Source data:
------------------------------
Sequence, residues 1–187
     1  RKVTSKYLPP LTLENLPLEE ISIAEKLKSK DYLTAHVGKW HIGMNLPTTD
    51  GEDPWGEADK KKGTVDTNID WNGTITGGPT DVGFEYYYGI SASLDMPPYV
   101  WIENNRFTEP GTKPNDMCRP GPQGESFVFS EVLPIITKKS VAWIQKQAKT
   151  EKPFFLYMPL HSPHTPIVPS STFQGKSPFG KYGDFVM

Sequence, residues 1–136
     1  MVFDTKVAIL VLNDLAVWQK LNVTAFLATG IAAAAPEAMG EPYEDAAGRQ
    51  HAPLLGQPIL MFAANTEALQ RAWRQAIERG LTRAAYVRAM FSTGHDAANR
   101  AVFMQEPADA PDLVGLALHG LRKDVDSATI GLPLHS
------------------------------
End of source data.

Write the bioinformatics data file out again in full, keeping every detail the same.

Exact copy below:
Sequence, residues 1–187
     1  RKVTSKYLPP LTLENLPLEE ISIAEKLKSK DYLTAHVGKW HIGMNLPTTD
    51  GEDPWGEADK KKGTVDTNID WNGTITGGPT DVGFEYYYGI SASLDMPPYV
   101  WIENNRFTEP GTKPNDMCRP GPQGESFVFS EVLPIITKKS VAWIQKQAKT
   151  EKPFFLYMPL HSPHTPIVPS STFQGKSPFG KYGDFVM

Sequence, residues 1–136
     1  MVFDTKVAIL VLNDLAVWQK LNVTAFLATG IAAAAPEAMG EPYEDAAGRQ
    51  HAPLLGQPIL MFAANTEALQ RAWRQAIERG LTRAAYVRAM FSTGHDAANR
   101  AVFMQEPADA PDLVGLALHG LRKDVDSATI GLPLHS